was the conduit up to the
hotel room in the first place. He must be there.

Did you talk to Ferguson?

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He's under a gag order. What I have determined is that Ferguson will say,
when these papers are released, that all this happened in the morning. And
if it happened in the morning than Paula's whole claim of emotional
distress collapses. There is no way with all the detail Paula Jones has
brought to the events of that day that she could have possibly forgotten if
the alleged harassment happened before or after lunch. If she is saying
that it happened after lunch, she is saying it because she has to support a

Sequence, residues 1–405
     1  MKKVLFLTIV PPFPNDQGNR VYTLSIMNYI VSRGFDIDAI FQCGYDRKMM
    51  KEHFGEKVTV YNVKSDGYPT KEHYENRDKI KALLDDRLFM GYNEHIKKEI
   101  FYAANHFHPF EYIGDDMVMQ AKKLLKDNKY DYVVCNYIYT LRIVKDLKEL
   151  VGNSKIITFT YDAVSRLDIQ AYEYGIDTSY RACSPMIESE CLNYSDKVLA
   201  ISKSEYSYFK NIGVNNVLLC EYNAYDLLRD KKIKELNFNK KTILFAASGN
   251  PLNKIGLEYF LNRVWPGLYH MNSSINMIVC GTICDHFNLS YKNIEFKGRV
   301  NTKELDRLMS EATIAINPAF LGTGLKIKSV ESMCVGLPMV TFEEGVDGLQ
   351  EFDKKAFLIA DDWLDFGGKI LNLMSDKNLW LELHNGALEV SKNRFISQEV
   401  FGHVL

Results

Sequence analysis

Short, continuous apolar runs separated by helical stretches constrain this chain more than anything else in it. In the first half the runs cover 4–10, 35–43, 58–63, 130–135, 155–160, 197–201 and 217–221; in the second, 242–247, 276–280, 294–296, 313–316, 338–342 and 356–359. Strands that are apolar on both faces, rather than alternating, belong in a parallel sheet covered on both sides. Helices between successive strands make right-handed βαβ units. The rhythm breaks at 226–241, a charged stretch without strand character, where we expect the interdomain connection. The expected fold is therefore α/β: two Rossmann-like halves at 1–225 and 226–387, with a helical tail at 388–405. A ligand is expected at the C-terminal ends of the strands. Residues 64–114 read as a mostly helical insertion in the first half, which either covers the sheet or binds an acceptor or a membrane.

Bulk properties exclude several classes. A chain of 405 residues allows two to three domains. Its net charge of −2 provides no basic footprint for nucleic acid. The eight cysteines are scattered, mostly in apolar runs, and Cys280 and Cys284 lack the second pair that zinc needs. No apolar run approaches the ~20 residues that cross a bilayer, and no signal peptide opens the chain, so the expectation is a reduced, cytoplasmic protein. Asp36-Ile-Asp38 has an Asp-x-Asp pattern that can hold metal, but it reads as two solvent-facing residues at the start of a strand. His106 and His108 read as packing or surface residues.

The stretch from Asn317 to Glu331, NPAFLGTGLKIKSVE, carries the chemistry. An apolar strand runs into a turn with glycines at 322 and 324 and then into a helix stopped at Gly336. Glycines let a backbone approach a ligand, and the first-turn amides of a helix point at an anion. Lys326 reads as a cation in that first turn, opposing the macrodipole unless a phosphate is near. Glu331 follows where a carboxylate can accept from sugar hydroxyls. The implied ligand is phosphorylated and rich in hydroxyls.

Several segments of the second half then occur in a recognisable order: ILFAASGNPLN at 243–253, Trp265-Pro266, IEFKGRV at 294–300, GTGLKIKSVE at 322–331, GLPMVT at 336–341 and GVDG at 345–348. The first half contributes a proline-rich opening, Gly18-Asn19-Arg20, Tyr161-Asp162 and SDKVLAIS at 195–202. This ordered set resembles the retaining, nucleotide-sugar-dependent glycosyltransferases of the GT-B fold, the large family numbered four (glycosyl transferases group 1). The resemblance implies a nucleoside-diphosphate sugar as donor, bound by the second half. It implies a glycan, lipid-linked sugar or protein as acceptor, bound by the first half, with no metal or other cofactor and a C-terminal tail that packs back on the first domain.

claim of emotional distress. To allow her to flee a room, go down and
tell a friend and leave work early. That sequence does not work in the
morning.

Everything you're saying could bring down her whole case, which in turn
could complicate the Lewinsky matter. What happens next?

Good question. It seems to me that when the Jones papers are released,
which seems to be imminent, contained within them will be a bombshell that
will either support what I've said or not. And it will have to do with
Danny Ferguson's claims. In his legal filings he does not give a specific
time that things took place other than to say "after the governor's
speech." Well I've now demonstrated that the governor's speech was in the
morning. I am convinced that he will be asked specifically for a time, and
if he says it was in the morning, not in the afternoon, Paula Jones' claim
of emotional distress collapses.


Lori Leibovich

Lori Leibovich is a contributing editor at Salon and the former editor of the Life section.

MORE FROM Lori Leibovich

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Bill Clinton Rush Limbaugh